Rationale: Increased bronchial vascularity is a feature of asthma that can contribute to airflow obstruction and progressive decline in lung function. Angiogenesis is associated with the lung homing and in situ differentiation of endothelial progenitor cells (EPC) in mouse models of asthma. We have previously shown that inhibiting allergen (Ag)-induced recruitment of EPC in sensitized mice attenuated increased bronchial vascularity and development of airway hyperresponsiveness.
Objectives: We investigated the accumulation of EPC and formation of new blood vessels in the lungs of human subjects with asthma after Ag inhalation challenge.
Methods: Consenting patients with mild atopic asthma (n = 13) with FEV1 ≥ 70%, methacholine PC20 ≤ 16 mg/ml, and a dual response to Ag were recruited. Sputum levels of EPC were determined by multigating flow cytometry, and lung vascularity was enumerated by immunostaining with von Willebrand factor.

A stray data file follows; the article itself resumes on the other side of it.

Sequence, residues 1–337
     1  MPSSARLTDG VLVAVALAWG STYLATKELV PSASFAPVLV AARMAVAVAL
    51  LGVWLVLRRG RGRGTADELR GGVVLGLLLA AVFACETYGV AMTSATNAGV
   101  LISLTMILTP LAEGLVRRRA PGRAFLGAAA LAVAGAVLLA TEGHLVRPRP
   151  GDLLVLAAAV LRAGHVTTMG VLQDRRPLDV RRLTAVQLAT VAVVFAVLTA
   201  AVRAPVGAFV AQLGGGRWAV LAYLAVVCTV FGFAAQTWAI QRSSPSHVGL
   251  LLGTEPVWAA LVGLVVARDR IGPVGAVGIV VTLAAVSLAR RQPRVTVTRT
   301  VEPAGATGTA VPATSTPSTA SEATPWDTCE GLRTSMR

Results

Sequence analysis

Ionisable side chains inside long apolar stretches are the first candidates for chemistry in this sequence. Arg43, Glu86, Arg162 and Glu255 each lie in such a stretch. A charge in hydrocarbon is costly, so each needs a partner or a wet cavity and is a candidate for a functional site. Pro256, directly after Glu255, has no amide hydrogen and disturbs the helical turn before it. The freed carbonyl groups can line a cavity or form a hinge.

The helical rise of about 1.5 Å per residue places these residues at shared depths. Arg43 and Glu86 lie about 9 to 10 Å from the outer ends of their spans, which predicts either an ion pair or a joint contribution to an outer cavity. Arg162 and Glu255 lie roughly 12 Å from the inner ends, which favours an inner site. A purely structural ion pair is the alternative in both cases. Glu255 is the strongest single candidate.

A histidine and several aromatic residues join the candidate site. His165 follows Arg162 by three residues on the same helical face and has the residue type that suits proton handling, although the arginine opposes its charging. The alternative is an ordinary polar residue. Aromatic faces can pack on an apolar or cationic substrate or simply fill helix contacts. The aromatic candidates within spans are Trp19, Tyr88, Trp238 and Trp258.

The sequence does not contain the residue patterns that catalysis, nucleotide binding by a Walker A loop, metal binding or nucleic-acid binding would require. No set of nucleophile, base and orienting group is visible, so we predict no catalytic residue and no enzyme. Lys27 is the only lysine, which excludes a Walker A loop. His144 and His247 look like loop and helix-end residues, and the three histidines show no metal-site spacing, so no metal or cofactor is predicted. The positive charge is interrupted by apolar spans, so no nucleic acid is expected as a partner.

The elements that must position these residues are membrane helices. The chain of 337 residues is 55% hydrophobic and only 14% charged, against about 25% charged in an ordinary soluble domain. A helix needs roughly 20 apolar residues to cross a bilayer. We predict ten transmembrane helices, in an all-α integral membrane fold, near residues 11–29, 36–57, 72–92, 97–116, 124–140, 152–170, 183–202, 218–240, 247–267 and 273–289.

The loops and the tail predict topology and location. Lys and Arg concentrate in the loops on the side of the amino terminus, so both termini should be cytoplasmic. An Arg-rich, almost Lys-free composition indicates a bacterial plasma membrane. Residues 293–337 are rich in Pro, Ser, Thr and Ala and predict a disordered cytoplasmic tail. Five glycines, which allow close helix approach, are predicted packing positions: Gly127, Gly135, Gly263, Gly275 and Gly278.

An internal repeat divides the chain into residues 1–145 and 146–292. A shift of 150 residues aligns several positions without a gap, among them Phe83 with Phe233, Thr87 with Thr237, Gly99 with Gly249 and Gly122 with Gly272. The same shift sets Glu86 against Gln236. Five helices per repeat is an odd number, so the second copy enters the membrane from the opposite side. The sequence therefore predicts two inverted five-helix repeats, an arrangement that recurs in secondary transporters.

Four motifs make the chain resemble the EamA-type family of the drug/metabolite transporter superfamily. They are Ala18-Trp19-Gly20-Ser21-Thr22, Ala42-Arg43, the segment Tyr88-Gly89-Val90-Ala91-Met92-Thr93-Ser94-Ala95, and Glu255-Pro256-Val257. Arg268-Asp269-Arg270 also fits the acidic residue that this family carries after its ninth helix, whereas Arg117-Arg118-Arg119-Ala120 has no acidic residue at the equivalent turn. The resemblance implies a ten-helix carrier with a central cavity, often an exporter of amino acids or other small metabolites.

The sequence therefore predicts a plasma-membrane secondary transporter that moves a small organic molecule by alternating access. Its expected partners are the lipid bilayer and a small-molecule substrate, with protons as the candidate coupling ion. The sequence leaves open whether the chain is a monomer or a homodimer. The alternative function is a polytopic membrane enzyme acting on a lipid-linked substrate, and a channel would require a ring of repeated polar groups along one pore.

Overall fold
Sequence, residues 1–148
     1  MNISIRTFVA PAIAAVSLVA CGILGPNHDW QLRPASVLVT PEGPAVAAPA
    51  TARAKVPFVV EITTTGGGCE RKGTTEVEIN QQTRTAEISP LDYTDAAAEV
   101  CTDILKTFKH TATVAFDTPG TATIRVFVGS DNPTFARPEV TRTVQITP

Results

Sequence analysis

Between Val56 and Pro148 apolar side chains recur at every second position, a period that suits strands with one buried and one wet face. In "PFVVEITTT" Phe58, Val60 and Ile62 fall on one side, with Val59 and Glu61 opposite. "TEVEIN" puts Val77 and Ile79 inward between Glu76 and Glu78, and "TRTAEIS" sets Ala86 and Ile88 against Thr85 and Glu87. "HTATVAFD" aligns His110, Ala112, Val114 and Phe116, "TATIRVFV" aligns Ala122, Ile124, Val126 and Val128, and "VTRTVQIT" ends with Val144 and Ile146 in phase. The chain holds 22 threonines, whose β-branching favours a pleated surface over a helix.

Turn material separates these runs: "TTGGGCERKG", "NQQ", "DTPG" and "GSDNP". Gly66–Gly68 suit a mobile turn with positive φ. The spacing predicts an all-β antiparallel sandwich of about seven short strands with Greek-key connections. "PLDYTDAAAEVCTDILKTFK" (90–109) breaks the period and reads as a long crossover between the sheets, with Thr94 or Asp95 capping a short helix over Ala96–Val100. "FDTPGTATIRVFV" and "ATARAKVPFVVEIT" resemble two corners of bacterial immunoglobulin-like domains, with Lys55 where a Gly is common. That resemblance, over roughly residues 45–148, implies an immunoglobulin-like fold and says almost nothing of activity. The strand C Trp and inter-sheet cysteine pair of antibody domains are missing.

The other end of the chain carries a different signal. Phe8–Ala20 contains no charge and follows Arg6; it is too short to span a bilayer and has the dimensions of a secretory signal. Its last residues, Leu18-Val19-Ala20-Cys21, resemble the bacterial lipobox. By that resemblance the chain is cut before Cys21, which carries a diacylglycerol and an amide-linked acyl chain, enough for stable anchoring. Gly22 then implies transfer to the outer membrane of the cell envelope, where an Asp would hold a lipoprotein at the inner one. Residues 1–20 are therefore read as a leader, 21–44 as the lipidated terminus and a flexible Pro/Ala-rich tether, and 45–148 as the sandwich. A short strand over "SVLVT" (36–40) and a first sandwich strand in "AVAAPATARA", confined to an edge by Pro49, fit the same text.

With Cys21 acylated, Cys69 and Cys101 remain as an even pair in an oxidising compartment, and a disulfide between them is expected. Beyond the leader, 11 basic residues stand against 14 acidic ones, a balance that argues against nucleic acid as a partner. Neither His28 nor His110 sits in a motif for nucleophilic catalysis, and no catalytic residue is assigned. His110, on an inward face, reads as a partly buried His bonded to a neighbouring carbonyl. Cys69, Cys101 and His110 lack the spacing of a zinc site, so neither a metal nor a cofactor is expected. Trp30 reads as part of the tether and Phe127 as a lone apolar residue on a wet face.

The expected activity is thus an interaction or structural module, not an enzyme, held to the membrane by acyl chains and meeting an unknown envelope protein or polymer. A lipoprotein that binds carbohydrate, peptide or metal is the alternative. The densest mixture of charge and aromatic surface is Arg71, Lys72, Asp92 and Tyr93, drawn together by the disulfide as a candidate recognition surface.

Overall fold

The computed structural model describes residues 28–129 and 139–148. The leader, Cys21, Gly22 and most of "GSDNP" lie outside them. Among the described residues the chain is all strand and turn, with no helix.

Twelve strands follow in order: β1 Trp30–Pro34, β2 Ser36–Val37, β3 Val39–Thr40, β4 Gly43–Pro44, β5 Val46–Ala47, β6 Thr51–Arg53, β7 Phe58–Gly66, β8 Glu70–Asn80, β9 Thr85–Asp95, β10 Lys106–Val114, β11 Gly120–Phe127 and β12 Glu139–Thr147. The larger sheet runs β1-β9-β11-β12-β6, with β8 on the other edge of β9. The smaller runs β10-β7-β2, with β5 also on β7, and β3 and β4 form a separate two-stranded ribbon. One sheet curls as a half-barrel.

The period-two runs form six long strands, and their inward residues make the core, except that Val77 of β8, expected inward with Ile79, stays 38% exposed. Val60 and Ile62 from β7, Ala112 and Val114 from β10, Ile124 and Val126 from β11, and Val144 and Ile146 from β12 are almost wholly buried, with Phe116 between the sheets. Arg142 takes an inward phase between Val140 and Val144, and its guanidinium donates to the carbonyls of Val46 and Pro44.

Measurements and main results: Sputum levels of EPC were determined by multigating flow cytometry and lung vascularity was enumerated by immunostaining with von Willebrand factor. There was a significant increase in sputum EPC levels 24 hours post Ag but not diluent challenge. Similarly, a significant increase in the number and diameter of blood vessels in lung biopsy tissue 24 hours post Ag was observed. In vitro culture of EPC demonstrated the capacity of these cells to differentiate into mature endothelial cells and form tubelike vessel structures. In sputum supernatants, there was a significant increase in CXCR2 agonists, IL-8, and Gro-α 24 hours post Ag. Only Gro-α stimulated a significant EPC migrational response in vitro.
Conclusions: Our data suggest that increased lung homing of EPC may promote bronchial vascularity in allergic asthmatic responses and that the recruitment of these progenitors maybe orchestrated by CXCR2 chemokines.